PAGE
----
Hawaii summer ad campaign to be NCL's largest

NCL Corp. will launch its largest destination campaign to date this summer, when it encourages honeymooners, golfers and travelers in general to head for Hawaii.

Andy Stuart, NCL's executive vice president of marketing and sales, said that a new print ad campaign would launch in mid-June. The campaign will be about cruising in Hawaii but also about golfing there and the romance of the islands.

"The campaign is designed to let people know that there's a great way to see all of Hawaii on one vacation and unpack just once," said Stuart. "And then it's talking about Hawaii and different reasons to go there."

NCL's current TV ads will also be tagged with a message about sailing in Hawaii, and there will be an outdoor Hawaii ad campaign, mostly on the West Coast but also in New York and Chicago. 

Stuart said that the campaign would specifically focus on golf and romance. The ads use lines like, "Mommy, where do babies come from? From Hawaii, Dear" and "How's your short game? Your long game? Your 'round-the-volcano game?"

He said the Hawaii Business and Convention Bureau was also trying to get Hawaii back to "its No. 1 position" when it comes to romance. -- J.J.

Robert Kritzman, NCL Corp.'s executive vice president and managing director of its Hawaii operations, will leave the company after 17 years, the company announced on May 24.

NCL appointed Hawaiian local Alan Yamamoto vice president for Hawaii operations.

Yamamoto, who joined NCL the week of May 21, was formerly director of community and government relations with Hawaiian Electric Industries, the state's main power supply company.

Kritzman will stay on through the "transition period," NCL said. No official date has been set for his departure.

Neither Kritzman nor Yamamoto returned requests for an interview.

Kritzman's departure, which NCL said was for personal reasons, is the second major change to NCL's American-flagged Hawaii program in the last few months. In April, the company said the newest of its three US-flagged ships, the Pride of Hawaii, would be reflagged and sent to Europe in 2008.

Kritzman helped launch NCL's tumultuous Hawaii program in 2004, which immediately was lambasted by guests for poor service from its American crew, a situation that was aggravated by the high staff turnover that also cost NCL more than it had anticipated.

As of January, Yamamoto was listed with the Hawaii State Ethics Commission as a lobbyist for Hawaiian Electric Industries.

As a Hawaiian, his hiring speaks to NCL's direction with its program there. The company is involved with several programs involving Hawaiian communities, including a partnership with Maui's public schools to teach students about careers on NCL ships.

"We encouraged them to consider someone from Hawaii to take the company to the next level," said Jennifer Sabas, chief of staff in Sen. Daniel Inouye's Honolulu office.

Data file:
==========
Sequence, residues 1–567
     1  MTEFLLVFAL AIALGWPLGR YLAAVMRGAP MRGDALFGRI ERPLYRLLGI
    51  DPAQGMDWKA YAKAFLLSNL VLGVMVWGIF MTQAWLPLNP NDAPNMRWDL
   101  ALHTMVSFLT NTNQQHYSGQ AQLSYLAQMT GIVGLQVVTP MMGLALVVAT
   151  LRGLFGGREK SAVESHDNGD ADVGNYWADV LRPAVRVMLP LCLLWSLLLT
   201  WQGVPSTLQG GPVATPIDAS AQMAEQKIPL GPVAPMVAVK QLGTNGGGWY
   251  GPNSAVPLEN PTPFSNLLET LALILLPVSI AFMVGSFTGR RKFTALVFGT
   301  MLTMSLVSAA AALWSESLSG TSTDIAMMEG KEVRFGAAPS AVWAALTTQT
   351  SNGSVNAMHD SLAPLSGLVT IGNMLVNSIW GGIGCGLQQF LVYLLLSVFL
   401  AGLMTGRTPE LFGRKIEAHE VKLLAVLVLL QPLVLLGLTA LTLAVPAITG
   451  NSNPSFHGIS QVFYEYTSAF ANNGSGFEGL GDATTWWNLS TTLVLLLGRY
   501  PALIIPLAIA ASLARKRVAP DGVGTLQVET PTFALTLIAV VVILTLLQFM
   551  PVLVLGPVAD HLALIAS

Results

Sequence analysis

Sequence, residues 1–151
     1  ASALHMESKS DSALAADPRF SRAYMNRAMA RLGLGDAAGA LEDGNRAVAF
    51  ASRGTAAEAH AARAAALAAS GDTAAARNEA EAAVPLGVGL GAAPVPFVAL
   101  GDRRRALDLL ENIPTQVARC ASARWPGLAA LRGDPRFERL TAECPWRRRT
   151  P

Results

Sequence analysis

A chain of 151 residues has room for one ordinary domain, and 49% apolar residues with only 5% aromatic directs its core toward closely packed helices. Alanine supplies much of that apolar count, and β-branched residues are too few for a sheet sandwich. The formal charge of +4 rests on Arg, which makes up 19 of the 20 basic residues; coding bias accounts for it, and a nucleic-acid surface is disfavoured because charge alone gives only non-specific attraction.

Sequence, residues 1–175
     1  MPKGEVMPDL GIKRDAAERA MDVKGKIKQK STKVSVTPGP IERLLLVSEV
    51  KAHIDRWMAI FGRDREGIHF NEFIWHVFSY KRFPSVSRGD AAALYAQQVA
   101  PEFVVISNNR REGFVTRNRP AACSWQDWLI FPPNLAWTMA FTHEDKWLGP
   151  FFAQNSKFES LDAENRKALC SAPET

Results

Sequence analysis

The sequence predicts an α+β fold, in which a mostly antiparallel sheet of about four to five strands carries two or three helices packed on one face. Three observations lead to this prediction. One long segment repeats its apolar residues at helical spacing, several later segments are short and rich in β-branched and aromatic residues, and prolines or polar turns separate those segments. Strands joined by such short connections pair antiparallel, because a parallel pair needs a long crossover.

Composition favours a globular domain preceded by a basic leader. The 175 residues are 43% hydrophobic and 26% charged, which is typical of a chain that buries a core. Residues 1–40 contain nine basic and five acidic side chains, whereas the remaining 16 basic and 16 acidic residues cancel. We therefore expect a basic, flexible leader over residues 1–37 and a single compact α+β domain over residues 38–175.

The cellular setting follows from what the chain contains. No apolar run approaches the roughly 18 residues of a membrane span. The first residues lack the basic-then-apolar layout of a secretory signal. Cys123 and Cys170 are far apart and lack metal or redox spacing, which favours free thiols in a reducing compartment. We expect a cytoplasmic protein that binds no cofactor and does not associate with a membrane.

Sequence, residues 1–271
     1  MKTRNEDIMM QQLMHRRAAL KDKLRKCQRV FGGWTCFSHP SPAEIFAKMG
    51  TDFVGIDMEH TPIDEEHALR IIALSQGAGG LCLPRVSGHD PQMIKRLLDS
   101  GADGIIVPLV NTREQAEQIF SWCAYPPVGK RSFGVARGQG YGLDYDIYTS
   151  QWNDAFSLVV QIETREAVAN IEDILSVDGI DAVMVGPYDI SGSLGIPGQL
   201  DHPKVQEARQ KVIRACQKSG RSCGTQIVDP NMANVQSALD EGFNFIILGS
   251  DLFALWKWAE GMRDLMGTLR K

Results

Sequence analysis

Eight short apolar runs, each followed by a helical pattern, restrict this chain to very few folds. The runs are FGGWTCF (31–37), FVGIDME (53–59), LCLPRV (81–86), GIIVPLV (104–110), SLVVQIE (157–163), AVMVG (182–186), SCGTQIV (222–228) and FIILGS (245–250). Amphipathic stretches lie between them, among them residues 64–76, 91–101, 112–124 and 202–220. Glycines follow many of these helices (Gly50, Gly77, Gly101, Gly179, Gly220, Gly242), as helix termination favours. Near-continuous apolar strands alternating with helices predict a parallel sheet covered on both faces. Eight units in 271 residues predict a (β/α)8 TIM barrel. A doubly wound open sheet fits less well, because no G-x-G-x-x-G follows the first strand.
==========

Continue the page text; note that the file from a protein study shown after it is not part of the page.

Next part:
"The next chapter is to work with the local communities and neighboring islands to really embed this cruise line as Hawaii's cruise line."

Sabas said her office made the suggestion to hire a Hawaiian once it learned of Kritzman's departure. Inouye had sponsored the legislation that enabled NCL to cruise in Hawaii.

Sabas said that a Hawaiian could help NCL attract and retain Hawaiian employees.

She commended Kritzman for doing an excellent job, especially given his "enormous task."

That task has been well documented by NCL's earnings reports, in which it has blamed its Hawaii operations for several straight quarters of large losses. 

NCL lost $130.9 million on revenue of $2 billion in 2006, compared with a 2005 profit of $16.2 million on revenue of $1.6 billion. The company attributed the drop to pricing pressure in Hawaii due mostly to increased foreign-flagged competition and its own capacity increases.

During its last earnings call, the cruise line blamed low fares in Hawaii for its $60.8 million first-quarter deficit.

Despite the challenges, NCL CEO Colin Veitch said during the last earnings call, when it blamed low fares in Hawaii for its $60.8 million first quarter deficit, "We remain committed to the Hawaiian market."

Members of the travel community were not surprised by Kritzman's departure.

"The division has not done a good job, and there has to be a scapegoat," said Bob Ensten, owner of American Made Travel Adventures in Windsor, Calif.

"Somebody had to be replaced. Whether it will make a change, I doubt it. Changing one person isn't going to turn it around overnight. I think they should change their whole philosophy of doing business and not have U.S.-flagged ships in that market."

Ensten said that his clients had not had good experiences on NCL America ships, and that he has been making sure they understand that the other NCL ships are far better.

NCL said Kritzman planned to return to Florida with his family, where he lived when he was senior vice president and general counsel for NCL, a position in which he oversaw the company's human resources department, legal department, risk management department and its corporate affairs program.   

To contact reporter Johanna Jainchill, send e-mail to [email protected].

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